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Hoffmann, R. A wiki for the life sciences where authorship matters. Nature Genetics (2008)

Effects of beta-D-xyloside on morphogenesis and cytodifferentiation in cultured embryonic mouse molars.

Embryonic mouse molars were grown on a semi-solid medium supplemented with 2 mM beta-D-xylopyranoside (beta-xyloside), a specific inhibitor of proteoglycan synthesis. The induced glycosaminoglycan depletion in the extracellular matrix was monitored by immunohistochemistry employing monoclonal antibodies to chondroitin 4- and chondroitin 6-sulfates. beta-Xyloside inhibited formation of the dental bell and delayed the appearance of the first odontoblasts. Odontoblast functional differentiation proceeded in the absence of chondroitin sulfate in the basement membrane. Predentin secreted in the presence of beta-xyloside triggered the polarization of ameloblasts, but did not allow the maintenance of polarized odontoblasts. These results support the hypothesis that, in the tooth germ, chondroitin sulfate proteoglycans participate in the regulation of cell kinetic-dependent morphogenesis (Mark et al., 1990. Differentiation 43, 37-50). On the other hand, the possibility that chondroitin sulfate might play a role in odontoblast terminal differentiation is definitively ruled out.[1]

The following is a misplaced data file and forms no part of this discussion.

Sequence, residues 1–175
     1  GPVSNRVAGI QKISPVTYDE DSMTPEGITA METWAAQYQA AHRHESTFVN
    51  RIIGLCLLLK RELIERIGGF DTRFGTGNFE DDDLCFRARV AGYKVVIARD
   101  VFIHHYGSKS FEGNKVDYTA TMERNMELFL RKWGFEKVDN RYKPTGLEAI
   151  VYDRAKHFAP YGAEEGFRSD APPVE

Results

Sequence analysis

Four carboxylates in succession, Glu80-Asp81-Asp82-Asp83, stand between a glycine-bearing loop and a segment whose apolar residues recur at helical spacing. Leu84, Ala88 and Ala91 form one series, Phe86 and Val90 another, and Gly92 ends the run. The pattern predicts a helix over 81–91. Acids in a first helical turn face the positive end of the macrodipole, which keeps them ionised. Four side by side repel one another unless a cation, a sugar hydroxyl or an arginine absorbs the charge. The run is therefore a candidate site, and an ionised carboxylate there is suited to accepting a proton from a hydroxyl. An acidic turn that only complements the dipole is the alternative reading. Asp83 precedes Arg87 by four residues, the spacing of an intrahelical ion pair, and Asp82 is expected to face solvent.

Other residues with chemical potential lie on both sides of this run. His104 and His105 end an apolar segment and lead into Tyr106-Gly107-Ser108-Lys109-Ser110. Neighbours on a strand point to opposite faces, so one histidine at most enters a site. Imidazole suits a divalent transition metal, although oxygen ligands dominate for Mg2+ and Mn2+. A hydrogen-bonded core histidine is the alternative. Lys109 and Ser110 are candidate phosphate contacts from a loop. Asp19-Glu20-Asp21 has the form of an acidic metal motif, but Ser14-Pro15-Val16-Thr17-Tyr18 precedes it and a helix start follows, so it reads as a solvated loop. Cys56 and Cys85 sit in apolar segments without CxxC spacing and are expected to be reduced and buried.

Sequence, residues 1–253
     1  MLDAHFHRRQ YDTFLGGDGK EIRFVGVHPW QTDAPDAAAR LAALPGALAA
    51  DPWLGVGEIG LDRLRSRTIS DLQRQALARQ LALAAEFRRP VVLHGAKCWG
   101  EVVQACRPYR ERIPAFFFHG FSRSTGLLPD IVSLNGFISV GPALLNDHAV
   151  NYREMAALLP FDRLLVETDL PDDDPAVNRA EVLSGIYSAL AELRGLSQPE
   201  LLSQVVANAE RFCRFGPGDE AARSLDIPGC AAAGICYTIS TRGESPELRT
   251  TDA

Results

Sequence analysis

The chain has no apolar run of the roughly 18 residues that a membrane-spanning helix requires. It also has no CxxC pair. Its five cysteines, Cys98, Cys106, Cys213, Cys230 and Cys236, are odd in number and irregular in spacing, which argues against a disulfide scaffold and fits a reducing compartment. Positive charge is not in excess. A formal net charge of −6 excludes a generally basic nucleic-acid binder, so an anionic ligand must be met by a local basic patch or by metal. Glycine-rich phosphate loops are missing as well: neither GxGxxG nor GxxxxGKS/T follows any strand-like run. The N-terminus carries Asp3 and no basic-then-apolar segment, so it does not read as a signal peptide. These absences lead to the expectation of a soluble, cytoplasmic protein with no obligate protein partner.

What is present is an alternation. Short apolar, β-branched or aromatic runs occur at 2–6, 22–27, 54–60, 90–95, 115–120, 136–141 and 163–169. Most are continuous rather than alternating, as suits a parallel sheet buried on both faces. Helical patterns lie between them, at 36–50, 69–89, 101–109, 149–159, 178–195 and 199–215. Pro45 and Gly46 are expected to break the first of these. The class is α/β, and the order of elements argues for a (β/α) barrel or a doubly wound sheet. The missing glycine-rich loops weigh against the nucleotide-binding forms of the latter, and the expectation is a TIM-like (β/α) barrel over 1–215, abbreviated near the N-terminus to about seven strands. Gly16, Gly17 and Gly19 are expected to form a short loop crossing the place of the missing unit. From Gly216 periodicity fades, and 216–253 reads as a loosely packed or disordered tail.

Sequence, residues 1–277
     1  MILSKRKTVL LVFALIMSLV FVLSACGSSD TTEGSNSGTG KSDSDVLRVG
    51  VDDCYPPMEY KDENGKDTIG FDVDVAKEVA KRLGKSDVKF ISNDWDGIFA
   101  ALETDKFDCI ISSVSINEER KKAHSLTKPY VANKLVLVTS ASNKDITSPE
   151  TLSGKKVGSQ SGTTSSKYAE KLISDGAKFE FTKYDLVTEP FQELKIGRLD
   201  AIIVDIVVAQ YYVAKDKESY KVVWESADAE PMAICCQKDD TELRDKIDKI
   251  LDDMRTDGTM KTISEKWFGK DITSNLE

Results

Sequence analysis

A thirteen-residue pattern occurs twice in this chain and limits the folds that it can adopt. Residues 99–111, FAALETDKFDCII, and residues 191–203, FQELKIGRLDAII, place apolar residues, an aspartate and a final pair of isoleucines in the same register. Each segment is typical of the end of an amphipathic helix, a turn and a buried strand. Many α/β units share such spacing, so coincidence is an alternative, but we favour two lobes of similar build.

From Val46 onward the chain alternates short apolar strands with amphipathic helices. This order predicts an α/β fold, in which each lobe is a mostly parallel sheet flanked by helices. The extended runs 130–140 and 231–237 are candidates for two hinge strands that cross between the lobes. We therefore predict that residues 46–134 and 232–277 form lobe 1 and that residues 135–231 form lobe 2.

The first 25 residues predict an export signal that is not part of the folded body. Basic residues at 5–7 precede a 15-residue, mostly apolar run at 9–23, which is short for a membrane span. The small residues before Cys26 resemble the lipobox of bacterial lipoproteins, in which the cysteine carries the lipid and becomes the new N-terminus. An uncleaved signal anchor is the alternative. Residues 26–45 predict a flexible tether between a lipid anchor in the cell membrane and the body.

1. Effects of beta-D-xyloside on morphogenesis and cytodifferentiation in cultured embryonic mouse molars. Mark, M.P., Karcher-Djuricic, V., Baker, J.R., Ruch, J.V. Cell Differ. Dev. (1990) [Pubmed]
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